In broad terms, the traditional CIO could be said to be a manager of continuity while the CDO is a manager of change. Companies know they need to balance continuity of the current business on the one hand with rapid technological change and deep strategic renewal on the other, which is why the two separate leadership roles now exist. Then again, a large number of CIOs are trying to bridge the gap between the two, blurring both roles and making the position of CDO obsolete.
Time will tell if this is a better way of doing things. CIOs certainly need to transition into a more modern role in the organization, for one reason because a rising percentage of a company’s tech spending, which is now at a 10-year high across all industries, is now managed outside of the traditional IT function. But in my experience, few executives are ambidextrous enough to excel at both ends of the business spectrum. Inevitably, CIO’s tend to find themselves focused inward at the company’s existing business operations, while a CDO’s eyeballs are looking outward at issues like customer loyalty, brand experience, future strategy, and the creation of new business models and revenue streams. It’s very tough to manage these two opposite perspectives at the same time, and it also requires different mindsets, skills, and expertise.
This helps explains why, according to a recent survey of nearly 4,000 IT leaders across 84 countries (conducted by Harvey Nash and KPMG), “many CIOs admit they are struggling to introduce an effective digital strategy across their organizations.” By contrast, “half of organizations with a dedicated CDO and over 40% of organizations with an acting CDO reported having a clear enterprise digital strategy, compared with only 21% without a CDO.” More importantly, “these companies were more likely to be redesigning their company’s business processes to take advantage of digital technology than those with CIOs alone.” At companies that have chosen for the two distinct roles of CIO and CDO, both executives can work together to drive digital progress inside, outside, and across the organization. Based on the above survey, ComputerWeekly.com concludes that “The most successful companies employ both CIOs and Chief Digital Officers (CDOs) who work in tandem to take advantage of innovative technology.”
Who should the CDO report to?
The answer might seem obvious when we consider how important digital technology is for this position. Indeed, in many of the companies that have introduced this role over the last few years, the CDO reports to the CIO or CTO. But some have found that this structure doesn’t work well in practice. After struggling through a couple of years of tension caused by the addition of a CDO to their organization chart, one global engineering company decided to flip the reporting lines. Where the CDO initially reported to the CIO, today it’s the other way around. The CIO reports to the Chief Digital Officer, who in turns reports directly to the CEO. In fact, the company has since gone on to appoint digital officers in all of its business units, too, who report jointly to the business unit leaders and the CDO, and who are helping to embed digital innovation and transformation as a deep, companywide capability across the organization.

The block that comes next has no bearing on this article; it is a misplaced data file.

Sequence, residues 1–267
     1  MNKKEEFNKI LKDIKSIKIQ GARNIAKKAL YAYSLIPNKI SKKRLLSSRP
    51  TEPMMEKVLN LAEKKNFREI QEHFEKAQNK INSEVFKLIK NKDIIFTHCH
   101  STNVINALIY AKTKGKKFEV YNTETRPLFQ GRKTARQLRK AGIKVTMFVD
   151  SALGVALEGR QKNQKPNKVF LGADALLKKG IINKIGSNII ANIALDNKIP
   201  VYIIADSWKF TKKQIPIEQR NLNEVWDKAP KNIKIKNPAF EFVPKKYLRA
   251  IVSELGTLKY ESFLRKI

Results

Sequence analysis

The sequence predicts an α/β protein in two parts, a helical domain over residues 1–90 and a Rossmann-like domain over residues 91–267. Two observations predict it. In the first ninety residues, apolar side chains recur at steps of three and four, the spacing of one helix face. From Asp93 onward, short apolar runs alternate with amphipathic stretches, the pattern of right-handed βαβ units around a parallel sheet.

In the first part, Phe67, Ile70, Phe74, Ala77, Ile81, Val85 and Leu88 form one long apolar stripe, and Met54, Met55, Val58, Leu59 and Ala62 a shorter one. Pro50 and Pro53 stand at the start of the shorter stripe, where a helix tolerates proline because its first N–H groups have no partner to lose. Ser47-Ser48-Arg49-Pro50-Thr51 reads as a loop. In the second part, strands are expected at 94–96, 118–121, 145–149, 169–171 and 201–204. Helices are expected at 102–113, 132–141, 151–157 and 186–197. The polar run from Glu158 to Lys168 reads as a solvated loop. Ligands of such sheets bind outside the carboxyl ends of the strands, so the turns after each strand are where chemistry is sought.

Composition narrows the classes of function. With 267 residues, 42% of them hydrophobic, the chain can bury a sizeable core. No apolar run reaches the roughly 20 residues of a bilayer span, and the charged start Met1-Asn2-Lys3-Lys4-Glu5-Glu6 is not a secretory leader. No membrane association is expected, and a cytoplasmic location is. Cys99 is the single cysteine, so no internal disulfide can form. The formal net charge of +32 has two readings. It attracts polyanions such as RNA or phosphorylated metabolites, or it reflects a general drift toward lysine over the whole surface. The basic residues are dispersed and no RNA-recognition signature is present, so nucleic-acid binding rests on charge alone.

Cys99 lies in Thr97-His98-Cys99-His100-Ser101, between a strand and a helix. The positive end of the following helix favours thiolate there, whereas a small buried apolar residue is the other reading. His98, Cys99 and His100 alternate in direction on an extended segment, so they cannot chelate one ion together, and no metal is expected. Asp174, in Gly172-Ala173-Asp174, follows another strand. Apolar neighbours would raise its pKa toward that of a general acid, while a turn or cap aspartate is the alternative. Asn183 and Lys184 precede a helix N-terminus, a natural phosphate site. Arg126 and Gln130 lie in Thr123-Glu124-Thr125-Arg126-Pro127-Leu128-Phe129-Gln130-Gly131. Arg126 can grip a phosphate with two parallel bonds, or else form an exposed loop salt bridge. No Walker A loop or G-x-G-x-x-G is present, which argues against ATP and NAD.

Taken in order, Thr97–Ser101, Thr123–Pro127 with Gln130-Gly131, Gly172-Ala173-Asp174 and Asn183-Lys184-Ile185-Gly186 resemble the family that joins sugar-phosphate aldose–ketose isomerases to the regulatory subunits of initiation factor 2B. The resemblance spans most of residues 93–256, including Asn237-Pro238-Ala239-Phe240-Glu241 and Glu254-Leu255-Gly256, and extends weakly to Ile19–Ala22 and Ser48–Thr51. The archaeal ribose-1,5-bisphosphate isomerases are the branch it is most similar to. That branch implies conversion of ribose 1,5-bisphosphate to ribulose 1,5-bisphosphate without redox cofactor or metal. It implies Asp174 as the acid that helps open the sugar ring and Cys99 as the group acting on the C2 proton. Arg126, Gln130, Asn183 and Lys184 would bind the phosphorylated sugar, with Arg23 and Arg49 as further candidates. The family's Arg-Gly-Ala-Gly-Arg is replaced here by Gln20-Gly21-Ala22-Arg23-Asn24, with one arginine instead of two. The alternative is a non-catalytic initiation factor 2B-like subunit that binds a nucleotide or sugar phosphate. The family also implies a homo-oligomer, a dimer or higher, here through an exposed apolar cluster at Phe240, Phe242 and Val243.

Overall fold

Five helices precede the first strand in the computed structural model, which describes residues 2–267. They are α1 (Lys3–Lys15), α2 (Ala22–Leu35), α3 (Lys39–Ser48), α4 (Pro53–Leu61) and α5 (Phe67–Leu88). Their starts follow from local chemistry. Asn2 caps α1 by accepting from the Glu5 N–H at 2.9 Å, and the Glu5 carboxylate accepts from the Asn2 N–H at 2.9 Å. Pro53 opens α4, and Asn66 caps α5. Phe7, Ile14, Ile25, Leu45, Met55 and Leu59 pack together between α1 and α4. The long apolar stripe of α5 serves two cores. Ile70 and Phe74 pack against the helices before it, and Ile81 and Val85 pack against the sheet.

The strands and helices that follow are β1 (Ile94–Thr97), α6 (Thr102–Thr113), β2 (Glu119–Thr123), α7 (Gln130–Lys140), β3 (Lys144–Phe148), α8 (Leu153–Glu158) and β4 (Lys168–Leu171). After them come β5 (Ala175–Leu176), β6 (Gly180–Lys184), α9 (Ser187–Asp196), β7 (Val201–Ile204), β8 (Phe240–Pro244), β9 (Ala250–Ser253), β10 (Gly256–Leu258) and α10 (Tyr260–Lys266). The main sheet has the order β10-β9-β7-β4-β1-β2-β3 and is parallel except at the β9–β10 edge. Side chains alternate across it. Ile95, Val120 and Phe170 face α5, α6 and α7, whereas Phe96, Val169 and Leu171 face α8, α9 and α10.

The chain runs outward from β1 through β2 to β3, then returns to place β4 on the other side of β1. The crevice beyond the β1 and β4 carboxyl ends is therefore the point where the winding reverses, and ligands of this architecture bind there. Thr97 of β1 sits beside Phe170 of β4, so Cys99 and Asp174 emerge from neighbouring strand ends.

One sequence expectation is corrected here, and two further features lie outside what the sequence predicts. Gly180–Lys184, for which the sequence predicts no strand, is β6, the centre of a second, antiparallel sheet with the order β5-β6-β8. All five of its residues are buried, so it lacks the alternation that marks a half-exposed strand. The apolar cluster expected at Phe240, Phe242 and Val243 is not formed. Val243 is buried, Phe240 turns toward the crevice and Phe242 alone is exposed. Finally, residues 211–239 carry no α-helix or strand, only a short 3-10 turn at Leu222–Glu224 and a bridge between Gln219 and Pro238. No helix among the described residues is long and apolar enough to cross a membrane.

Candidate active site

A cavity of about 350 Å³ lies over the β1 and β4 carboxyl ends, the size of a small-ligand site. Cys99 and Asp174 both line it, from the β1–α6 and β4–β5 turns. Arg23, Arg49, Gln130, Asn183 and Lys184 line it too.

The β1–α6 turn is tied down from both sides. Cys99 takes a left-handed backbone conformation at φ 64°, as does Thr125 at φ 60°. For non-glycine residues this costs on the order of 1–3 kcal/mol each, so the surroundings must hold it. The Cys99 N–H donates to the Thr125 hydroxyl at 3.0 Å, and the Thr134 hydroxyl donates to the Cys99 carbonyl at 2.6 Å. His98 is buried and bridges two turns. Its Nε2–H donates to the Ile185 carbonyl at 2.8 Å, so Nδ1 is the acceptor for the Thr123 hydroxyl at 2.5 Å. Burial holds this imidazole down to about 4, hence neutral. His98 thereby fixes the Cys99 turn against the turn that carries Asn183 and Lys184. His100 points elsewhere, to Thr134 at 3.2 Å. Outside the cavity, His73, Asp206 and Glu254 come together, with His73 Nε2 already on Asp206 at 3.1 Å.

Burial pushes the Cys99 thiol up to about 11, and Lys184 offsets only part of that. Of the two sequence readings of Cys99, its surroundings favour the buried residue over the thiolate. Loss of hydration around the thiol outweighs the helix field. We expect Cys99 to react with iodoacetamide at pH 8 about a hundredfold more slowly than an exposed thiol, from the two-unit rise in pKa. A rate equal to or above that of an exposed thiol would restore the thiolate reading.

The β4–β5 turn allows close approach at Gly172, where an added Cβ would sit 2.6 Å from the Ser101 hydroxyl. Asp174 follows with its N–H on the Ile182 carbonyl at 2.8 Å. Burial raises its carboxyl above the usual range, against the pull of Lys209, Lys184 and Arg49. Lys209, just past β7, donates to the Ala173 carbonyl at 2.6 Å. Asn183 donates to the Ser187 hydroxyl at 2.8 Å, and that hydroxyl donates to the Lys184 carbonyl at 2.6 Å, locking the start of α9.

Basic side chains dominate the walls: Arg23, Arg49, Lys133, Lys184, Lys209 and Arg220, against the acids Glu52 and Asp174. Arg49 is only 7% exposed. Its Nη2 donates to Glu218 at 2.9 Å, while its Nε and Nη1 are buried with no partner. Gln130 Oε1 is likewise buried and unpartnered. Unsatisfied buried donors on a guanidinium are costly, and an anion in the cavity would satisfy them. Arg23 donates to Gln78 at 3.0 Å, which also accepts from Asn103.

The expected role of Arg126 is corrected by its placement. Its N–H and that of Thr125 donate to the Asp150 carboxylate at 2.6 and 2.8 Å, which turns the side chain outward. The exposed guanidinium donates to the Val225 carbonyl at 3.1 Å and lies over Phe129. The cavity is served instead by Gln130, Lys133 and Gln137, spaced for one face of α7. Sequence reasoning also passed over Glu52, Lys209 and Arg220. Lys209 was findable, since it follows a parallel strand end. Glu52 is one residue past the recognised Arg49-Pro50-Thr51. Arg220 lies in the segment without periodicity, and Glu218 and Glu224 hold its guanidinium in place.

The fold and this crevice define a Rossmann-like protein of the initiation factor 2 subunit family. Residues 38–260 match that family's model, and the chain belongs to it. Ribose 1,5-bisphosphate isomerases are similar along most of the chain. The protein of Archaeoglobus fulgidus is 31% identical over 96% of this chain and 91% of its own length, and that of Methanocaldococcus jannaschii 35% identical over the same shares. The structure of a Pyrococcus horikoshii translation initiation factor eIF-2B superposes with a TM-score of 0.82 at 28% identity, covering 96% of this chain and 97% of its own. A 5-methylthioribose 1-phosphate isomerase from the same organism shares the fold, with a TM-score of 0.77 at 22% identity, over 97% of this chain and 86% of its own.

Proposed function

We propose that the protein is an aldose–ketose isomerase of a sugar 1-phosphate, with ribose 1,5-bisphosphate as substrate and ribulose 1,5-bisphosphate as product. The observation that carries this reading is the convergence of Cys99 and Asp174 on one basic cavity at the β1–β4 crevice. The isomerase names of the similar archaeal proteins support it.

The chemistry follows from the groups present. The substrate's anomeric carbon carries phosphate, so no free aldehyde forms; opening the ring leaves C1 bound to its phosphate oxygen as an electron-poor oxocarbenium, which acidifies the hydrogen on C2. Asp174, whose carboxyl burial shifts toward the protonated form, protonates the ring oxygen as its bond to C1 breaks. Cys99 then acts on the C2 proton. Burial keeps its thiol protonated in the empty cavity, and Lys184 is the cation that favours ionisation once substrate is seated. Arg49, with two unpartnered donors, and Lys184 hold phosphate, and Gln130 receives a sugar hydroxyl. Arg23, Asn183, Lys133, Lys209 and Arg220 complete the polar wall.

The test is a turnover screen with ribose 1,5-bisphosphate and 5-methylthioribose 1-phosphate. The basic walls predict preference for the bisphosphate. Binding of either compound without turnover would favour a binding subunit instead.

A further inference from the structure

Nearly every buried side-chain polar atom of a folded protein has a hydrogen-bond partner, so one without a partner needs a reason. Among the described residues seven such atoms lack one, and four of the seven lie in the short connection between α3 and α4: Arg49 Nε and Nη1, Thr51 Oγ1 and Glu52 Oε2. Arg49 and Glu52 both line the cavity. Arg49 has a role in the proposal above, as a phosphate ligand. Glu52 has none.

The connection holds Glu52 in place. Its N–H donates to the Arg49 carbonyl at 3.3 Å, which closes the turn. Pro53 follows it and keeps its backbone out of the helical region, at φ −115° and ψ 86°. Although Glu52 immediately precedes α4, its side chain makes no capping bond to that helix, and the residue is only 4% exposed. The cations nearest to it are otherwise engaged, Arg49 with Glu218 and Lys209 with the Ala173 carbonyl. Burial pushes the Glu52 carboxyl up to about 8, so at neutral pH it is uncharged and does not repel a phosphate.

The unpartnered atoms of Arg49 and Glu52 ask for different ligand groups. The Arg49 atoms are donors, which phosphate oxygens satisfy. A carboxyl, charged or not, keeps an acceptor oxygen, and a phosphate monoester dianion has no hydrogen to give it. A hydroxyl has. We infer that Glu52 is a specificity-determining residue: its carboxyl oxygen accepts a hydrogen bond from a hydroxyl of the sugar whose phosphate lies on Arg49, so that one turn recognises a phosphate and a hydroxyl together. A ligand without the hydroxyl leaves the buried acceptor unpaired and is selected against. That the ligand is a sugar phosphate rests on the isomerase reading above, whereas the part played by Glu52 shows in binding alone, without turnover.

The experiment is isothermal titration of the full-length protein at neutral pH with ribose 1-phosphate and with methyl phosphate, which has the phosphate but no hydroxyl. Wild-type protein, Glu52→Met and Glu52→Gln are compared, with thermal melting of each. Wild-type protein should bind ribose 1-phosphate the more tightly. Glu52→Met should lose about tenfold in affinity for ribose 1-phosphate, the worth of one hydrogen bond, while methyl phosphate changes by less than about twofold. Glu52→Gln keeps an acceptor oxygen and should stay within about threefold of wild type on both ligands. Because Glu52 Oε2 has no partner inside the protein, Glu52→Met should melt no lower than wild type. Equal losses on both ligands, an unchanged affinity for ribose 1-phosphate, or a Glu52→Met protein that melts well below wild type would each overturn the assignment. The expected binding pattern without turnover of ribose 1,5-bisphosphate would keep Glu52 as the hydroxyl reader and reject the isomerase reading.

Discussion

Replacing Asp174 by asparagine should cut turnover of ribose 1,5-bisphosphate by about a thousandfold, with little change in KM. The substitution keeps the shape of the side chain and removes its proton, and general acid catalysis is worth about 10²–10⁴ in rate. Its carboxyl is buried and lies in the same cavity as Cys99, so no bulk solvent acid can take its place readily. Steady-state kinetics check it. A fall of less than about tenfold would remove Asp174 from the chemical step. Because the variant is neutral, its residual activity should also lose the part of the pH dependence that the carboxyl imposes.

In a larger number of companies, and particularly in customer-facing industries, the CDO started out as an extension to the traditional marketing function, answering to the CMO, and responsible primarily for new digital activities such as social media, mobile apps, and the digital customer experience. Statistically, in fact, around two-thirds of today’s CDOs still reside within the company’s marketing function, while only about one-third report to the CIO or CTO. In my opinion, both of these constellations are sub-optimal, and I would tend to give the CDO a superior rank on the organization chart, at least on the same level as the CIO, CTO, or CMO, and, where appropriate, perhaps even one level higher.
For years, there has been a flawed assumption in business that digital represents merely an adjunct to what a company has always done – something that, in effect, can be bolted onto the organization (i.e. by adding a digital marketing function, or a new role within IT) rather than baked into every aspect of the enterprise. Today, however, there’s a realization that digital innovation and transformation need to be at the very heart of corporate strategy and operations, perhaps even driving a radical reinvention of the business model itself. As McKinsey likes to put it, “Digital isn’t merely a thing—it’s a new way of doing things.” Thus, in many organizations, the role of the CDO is now evolving and expanding, thankfully taking on wider-reaching and far more strategic dimensions.